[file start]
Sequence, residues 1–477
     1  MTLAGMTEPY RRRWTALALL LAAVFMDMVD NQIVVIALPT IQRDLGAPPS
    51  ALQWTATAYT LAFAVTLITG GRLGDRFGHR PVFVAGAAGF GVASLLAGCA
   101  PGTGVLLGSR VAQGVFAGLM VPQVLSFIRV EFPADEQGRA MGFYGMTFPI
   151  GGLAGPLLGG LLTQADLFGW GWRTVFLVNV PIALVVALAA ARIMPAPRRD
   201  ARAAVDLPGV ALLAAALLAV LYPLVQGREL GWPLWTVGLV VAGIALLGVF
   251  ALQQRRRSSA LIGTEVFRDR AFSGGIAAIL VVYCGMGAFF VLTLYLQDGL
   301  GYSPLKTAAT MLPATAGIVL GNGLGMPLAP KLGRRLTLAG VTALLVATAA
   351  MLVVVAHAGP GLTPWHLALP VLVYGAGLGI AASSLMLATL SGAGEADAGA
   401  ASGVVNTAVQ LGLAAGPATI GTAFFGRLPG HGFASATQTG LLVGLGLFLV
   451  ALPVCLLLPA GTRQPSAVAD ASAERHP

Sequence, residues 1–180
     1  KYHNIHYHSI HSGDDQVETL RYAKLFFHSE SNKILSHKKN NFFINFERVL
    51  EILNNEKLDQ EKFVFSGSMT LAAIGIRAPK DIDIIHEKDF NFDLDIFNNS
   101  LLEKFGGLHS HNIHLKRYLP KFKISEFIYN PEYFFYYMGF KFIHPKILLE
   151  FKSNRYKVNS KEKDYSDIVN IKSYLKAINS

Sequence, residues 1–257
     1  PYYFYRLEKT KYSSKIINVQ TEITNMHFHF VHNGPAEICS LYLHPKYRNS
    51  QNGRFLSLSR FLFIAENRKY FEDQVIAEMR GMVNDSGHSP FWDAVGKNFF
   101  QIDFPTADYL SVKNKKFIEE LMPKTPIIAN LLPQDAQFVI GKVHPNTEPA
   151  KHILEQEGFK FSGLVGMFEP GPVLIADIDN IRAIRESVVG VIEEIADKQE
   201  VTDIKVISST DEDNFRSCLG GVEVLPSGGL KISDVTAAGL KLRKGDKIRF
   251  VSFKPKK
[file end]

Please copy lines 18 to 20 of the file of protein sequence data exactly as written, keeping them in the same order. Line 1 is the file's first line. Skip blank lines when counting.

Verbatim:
     1  PYYFYRLEKT KYSSKIINVQ TEITNMHFHF VHNGPAEICS LYLHPKYRNS
    51  QNGRFLSLSR FLFIAENRKY FEDQVIAEMR GMVNDSGHSP FWDAVGKNFF
   101  QIDFPTADYL SVKNKKFIEE LMPKTPIIAN LLPQDAQFVI GKVHPNTEPA